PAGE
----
Across in the US, Q3 GDP exceeded expectations growing 4.9% annualised in Q3. Personal consumption expenditure contributed more than half of total quarterly growth (around 2.7ppts), with strength evident across goods and services. A strong labour market and low 30-year fixed mortgage rates locked in during the pandemic are sustaining established households’ spending capacity, and being further supplemented by the remaining excess savings from the pandemic. However, confidence is weak and consumer caution over the outlook has risen of late.

It is worth noting that the quarterly profile for consumption has been inconsistent over the past year, leaving annual growth only marginally above the pre-pandemic decade average (2.4%yr compared to 2.3%yr). A similar assessment can be made for domestic demand overall, with annual growth currently 2.6%yr versus 2.4%yr pre-pandemic. With the labour market decelerating, confidence weak, and the full effect of financial and credit tightening to be felt, the message these results provide for 2024 and 2025 is that a material slowing of growth and inflation remains the most probable outcome. This would allow the FOMC to lower the fed funds rate through the period to stop a further tightening of financial conditions on a real basis and thereby minimise the risk of recession.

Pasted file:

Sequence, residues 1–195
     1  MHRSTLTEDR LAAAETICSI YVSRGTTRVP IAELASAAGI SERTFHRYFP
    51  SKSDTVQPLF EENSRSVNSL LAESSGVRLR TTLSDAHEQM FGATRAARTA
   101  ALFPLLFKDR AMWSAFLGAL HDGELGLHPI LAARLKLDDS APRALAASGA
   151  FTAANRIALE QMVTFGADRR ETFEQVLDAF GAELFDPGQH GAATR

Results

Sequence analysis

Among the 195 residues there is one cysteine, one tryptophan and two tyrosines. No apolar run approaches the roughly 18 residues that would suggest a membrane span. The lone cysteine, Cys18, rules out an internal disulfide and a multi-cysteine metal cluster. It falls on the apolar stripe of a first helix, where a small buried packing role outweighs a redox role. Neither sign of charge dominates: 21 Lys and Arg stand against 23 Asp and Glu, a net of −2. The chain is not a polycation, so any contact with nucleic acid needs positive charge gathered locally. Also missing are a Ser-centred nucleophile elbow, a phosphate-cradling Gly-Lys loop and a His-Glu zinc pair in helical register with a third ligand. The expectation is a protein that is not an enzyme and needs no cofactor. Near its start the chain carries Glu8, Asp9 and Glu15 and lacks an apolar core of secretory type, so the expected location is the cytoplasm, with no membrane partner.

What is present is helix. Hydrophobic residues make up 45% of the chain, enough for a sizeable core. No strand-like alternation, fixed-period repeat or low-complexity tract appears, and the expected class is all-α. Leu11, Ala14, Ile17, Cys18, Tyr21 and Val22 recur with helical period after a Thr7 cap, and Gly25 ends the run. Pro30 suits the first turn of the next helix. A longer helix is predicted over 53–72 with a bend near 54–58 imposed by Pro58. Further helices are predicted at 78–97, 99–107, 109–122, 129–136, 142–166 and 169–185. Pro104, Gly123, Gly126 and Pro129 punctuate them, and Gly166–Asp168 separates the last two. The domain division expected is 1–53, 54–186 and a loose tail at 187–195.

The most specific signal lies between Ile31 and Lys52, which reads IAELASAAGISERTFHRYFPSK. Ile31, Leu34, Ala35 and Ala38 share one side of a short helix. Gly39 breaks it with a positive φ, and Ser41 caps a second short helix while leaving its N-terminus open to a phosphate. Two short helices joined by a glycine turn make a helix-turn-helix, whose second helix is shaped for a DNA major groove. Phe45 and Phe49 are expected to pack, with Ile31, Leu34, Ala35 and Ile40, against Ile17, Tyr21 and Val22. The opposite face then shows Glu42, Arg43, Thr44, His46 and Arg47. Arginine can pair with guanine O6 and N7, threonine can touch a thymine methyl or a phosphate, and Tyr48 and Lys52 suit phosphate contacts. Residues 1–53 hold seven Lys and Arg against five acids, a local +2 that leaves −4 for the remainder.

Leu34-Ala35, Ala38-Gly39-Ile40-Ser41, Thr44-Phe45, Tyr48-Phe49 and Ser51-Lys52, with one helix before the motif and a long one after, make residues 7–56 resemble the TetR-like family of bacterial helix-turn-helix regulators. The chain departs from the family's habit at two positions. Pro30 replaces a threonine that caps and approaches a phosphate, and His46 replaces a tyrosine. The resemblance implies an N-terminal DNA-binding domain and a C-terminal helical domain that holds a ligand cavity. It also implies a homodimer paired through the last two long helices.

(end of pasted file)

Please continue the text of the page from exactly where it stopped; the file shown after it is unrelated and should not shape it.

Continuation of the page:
Speaking of mitigating downside risks, this week China’s Central Government announced stimulus measures worth RMB1trn, 0.8ppt of GDP. This is the first time a mid-year adjustment has been made to the fiscal deficit target since the Sichuan earthquake of 2008 and before that the Asian Financial Crisis. The stimulus will be used to fund disaster relief and infrastructure spending from Q4 2023 through 2024. With the funds to be raised by the Central Government, the cost of borrowing will be minimised and time delays between financing and investment kept to a minimum. Competition for the capital amongst the provinces is likely to keep the quality of projects high. Built into our growth forecast of 5.3% for 2023 and 2024 was an expectation of further stimulus broadly in line with that announced, so our forecasts are unchanged. Our concerns over the property sector also remain. To remove this uncertainty, authorities must first underwrite funding for developers then encourage households to step-up their demand. The eventual consequence will be a return of local government funding from land sales, reducing their need for debt issuanc

Westpac Banking Corporation
Westpac Banking Corporationhttps://www.westpac.com.au/
Past performance is not a reliable indicator of future performance. The forecasts given above are predictive in character. Whilst every effort has been taken to ensure that the assumptions on which the forecasts are based are reasonable, the forecasts may be affected by incorrect assumptions or by known or unknown risks and uncertainties. The results ultimately achieved may differ substantially from these forecasts.